Taoiseach Enda Kenny hit back at the Catholic hierarchy's threat of excommunication for TDs who vote for the abortion legislation.
The possibility of pro-life Fine Gael TDs substantially changing the legislation is being ruled out by several senior coalition figures.
In the wake of the church cranking up its opposition to the legislation, Mr Kenny said the Irish government was obliged to bring in the new laws.
"As I explained to the cardinal and members of the church, my book is the Constitution and the Constitution is determined by the people," Mr Kenny said.
"That's the people's book and we live in a republic and I have a duty and responsibility, as head of government, to legislate in respect of what the people's wishes are.
"Those wishes have been determined and set out by the Supreme Court, which determines what the Constitution actually means."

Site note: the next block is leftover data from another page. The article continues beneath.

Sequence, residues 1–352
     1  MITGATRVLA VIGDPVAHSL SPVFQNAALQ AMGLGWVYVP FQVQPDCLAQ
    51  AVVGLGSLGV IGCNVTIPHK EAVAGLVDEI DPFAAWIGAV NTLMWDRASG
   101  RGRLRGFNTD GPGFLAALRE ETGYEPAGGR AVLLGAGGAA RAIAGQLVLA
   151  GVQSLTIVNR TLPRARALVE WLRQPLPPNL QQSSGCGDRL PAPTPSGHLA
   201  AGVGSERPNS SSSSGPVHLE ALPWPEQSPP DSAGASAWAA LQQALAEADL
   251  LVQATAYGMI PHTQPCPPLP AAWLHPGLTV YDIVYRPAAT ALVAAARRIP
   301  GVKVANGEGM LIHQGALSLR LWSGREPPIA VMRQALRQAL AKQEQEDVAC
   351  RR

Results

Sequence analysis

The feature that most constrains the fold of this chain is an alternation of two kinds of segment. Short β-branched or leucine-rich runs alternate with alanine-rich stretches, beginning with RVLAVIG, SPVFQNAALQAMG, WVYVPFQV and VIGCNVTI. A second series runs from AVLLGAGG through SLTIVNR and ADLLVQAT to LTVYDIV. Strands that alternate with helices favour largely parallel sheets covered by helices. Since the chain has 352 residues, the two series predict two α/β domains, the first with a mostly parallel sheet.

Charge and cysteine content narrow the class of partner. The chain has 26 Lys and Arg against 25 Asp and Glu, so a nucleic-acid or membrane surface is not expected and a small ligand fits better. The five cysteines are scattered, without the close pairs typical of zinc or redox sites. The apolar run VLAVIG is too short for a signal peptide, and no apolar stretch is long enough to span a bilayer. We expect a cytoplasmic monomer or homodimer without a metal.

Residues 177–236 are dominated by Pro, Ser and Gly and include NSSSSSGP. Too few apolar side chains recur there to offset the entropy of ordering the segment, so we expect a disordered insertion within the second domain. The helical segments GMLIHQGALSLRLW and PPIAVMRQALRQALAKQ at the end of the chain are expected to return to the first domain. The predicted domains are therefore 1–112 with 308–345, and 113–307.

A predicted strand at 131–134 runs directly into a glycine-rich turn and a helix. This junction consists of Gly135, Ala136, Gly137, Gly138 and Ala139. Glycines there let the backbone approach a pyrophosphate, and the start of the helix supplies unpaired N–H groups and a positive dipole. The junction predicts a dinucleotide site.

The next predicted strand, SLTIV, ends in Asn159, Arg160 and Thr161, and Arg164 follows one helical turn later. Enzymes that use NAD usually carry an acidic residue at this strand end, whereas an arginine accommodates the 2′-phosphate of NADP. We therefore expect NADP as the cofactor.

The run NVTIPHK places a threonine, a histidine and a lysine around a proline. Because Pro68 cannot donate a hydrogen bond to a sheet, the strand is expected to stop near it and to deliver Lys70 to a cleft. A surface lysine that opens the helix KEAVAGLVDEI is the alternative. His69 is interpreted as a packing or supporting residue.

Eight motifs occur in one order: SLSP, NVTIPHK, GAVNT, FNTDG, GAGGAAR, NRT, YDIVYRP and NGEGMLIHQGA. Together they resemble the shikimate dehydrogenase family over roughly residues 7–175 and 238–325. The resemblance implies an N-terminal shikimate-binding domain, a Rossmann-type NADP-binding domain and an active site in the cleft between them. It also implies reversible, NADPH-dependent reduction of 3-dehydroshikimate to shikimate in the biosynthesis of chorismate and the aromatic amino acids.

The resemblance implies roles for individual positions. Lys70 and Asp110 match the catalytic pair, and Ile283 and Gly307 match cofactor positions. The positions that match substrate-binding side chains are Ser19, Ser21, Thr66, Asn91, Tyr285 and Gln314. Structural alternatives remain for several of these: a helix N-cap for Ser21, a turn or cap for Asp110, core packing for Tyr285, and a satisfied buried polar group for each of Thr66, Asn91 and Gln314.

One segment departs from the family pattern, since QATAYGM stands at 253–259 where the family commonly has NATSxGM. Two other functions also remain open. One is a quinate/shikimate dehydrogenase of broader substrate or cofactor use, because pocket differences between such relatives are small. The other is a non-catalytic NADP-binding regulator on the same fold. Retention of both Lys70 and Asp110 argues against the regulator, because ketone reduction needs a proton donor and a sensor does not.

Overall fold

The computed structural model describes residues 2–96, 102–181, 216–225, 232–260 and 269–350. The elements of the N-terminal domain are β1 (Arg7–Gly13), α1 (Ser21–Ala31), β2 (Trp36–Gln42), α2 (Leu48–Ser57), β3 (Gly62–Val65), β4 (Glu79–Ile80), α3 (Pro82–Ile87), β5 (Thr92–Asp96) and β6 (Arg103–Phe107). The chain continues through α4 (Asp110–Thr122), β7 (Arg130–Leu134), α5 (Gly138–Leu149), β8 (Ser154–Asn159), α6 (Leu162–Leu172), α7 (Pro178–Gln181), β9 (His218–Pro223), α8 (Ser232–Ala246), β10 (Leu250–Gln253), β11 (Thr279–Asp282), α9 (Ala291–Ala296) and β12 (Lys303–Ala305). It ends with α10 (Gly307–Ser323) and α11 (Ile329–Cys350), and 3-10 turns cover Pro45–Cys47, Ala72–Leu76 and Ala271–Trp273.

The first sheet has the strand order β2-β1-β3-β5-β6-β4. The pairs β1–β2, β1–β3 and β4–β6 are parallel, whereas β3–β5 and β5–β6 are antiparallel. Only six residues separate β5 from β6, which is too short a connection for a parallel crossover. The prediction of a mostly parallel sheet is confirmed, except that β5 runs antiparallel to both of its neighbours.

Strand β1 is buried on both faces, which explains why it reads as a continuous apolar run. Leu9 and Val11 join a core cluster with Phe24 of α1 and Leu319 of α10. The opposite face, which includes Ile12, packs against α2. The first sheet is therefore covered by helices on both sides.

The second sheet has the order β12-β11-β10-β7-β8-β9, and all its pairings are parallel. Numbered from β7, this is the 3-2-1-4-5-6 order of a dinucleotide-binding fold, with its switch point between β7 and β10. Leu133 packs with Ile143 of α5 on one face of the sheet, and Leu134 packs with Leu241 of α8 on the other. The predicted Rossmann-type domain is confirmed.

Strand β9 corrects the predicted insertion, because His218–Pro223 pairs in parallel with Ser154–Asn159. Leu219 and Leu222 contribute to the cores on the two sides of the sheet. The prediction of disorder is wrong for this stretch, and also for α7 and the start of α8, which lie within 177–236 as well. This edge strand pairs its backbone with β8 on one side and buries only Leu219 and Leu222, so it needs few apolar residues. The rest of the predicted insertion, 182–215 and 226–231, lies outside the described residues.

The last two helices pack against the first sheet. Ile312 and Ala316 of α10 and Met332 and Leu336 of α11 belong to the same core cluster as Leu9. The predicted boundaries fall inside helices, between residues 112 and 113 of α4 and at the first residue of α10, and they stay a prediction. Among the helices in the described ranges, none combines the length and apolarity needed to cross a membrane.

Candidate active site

When asked specifically about Cardinal Sean Brady's veiled threat of excommunication for TDs that voted for the legislation, he replied: "Well, I have my own way of speaking to my God and it's not for me to comment on that."
Mr Kenny said he wanted to bring everybody with him on the passing of the legislation, and it was time to bring "clarity and certainty" to the issue.
"It is a matter for Ireland and for its people. We live within the parameters of the Constitution and strictly within the confines of the law, and that's where the heads of the bill are entirely focused -- within the Constitution and within the law.
"There is no change in the abortion legislation as it applies in Ireland. But it is time to bring clarity and certainty to it and I hope that can be achieved now in an even and considered fashion."
Mr Kenny was speaking at Ireland West Airport Knock, where a statue was being unveiled of the legendary founder of the airport, Monsignor James Horan.
His appearance in Knock came just a day after a vigil against the abortion legislation.
Fine Gael TDs opposed to the legislation want to see the law repealed if the number of terminations increases significantly.
Mr Kenny said there would be mandatory, regular monitoring in the "very small number of cases".
Labour junior minister Kathleen Lynch said the legislation was already restrictive and clear in its intent.